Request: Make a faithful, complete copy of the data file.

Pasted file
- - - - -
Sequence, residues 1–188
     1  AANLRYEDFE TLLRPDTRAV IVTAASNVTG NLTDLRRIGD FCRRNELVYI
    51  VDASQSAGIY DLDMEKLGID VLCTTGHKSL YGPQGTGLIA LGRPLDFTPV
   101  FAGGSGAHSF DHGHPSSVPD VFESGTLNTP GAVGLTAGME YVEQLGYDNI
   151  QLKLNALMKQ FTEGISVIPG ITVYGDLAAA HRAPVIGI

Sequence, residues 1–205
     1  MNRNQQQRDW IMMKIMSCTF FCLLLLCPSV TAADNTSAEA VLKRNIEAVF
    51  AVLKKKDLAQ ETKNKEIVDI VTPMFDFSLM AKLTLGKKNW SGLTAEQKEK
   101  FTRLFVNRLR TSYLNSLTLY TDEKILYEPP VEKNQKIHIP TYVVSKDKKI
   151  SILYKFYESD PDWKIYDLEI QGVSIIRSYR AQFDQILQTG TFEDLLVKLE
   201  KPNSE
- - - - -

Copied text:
Sequence, residues 1–188
     1  AANLRYEDFE TLLRPDTRAV IVTAASNVTG NLTDLRRIGD FCRRNELVYI
    51  VDASQSAGIY DLDMEKLGID VLCTTGHKSL YGPQGTGLIA LGRPLDFTPV
   101  FAGGSGAHSF DHGHPSSVPD VFESGTLNTP GAVGLTAGME YVEQLGYDNI
   151  QLKLNALMKQ FTEGISVIPG ITVYGDLAAA HRAPVIGI

Sequence, residues 1–205
     1  MNRNQQQRDW IMMKIMSCTF FCLLLLCPSV TAADNTSAEA VLKRNIEAVF
    51  AVLKKKDLAQ ETKNKEIVDI VTPMFDFSLM AKLTLGKKNW SGLTAEQKEK
   101  FTRLFVNRLR TSYLNSLTLY TDEKILYEPP VEKNQKIHIP TYVVSKDKKI
   151  SILYKFYESD PDWKIYDLEI QGVSIIRSYR AQFDQILQTG TFEDLLVKLE
   201  KPNSE